The South Central Climate Science Center (SC CSC) is pleased to announce a summer undergraduate internship opportunity in 2015 for students of underrepresented minorities interested in science, technology, engineering and mathematics fields (for example, agricultural science, economics, environmental engineering). Interns will be involved in hands-on activities related to climate research that will allow them to see the direct impacts of climate variability and change on forest ecosystems in Oklahoma, coastal areas in Louisiana, and the Texas Hill Country. Internship participants will travel across the South Central United States to visit university campuses and field locations and interact with faculty conducting cutting edge research. 

The internship will take place from Sunday, May 31, 2015 to Saturday, June 20, 2015. Interns will spend one week with the University of Oklahoma and Oklahoma State University, one week with Louisiana State University, and one week with Texas Tech University. All meals, lodging and travel will be provided during the three-week period. In addition, interns will receive a $200/week stipend for the duration of the program. The program will not cover local travel between the participant's home to their closest airport, personal equipment (clothing, cameras, etc.), or other personal expenses. 

The SC CSC also had a wonderful experience with this program during the summer of 2014!

A sample of the 2014 itinerary is available here:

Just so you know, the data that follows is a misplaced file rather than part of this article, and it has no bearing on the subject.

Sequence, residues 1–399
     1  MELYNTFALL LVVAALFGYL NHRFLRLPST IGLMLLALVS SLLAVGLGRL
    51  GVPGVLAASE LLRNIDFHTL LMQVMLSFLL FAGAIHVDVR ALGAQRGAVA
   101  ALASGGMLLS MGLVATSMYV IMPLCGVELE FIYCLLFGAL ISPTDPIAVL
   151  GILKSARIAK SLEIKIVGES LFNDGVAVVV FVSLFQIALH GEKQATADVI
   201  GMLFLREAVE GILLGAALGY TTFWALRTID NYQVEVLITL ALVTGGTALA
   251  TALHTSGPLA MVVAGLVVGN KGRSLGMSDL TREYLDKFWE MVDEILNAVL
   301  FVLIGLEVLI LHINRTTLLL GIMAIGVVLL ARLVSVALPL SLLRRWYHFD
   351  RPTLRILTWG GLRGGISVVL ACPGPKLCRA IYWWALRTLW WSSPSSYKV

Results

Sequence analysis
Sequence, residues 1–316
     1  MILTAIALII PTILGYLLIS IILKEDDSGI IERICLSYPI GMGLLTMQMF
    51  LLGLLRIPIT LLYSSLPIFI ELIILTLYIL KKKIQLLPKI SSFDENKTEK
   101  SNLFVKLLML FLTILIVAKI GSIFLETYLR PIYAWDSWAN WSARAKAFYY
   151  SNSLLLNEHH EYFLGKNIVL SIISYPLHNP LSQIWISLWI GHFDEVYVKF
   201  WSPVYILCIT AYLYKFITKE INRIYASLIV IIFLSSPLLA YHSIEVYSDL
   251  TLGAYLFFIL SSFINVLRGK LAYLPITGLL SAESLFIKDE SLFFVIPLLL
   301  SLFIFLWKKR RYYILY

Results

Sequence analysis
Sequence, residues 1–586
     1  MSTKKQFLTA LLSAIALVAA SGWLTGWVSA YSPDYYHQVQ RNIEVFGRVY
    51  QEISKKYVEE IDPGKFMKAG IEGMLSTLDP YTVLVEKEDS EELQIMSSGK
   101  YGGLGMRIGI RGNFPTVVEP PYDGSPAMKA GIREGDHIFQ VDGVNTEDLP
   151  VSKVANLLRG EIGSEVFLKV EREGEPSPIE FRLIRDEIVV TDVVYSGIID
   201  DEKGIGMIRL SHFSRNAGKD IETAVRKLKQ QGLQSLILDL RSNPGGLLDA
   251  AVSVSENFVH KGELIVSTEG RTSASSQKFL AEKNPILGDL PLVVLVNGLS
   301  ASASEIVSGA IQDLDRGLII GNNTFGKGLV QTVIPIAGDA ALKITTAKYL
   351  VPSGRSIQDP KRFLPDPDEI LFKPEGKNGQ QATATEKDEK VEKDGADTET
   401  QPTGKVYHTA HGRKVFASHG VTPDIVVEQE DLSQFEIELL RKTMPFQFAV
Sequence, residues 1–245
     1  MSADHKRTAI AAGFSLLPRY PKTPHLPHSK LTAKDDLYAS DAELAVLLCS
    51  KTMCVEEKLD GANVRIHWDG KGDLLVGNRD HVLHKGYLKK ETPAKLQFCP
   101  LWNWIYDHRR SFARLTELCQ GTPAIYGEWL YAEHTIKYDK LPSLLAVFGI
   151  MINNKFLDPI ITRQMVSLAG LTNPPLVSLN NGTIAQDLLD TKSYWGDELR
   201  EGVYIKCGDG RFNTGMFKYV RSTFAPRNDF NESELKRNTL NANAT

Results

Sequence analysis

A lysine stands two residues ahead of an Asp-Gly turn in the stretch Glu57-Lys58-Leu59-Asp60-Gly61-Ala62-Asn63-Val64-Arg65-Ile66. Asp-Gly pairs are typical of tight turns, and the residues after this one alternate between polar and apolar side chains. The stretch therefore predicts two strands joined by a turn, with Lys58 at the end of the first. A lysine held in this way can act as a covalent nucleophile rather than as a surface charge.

A video about the internship produced by participants in the 2014 program is available here:

The deadline to apply is 5:00 PM Central Time on Friday, March 20, 2015. For eligibility requirements and to access the application form, please see:

The South Central Climate Science Center is committed to encouraging diversity in the sciences. Please encourage your scientifically minded students to apply for this unique opportunity to experience climate research hands-on!
Posted: 2/10/2015

Upcoming Webinar Will Highlight New Tools for Projecting Impacts of Climate Change on Deer and Waterfowl

On Thursday, March 12, 2015 at 11am EST (10am CST), researchers will present a 2-part webinar describing updates on the development of Weather Severity Indices (WSI) for waterfowl and debuting an open-access web-based tool for querying and visualizing WSI data. The researchers will also discuss the development of projections of winter severity using dynamical downscaling.

waterfowl NE CSC webinar March 2015 414x146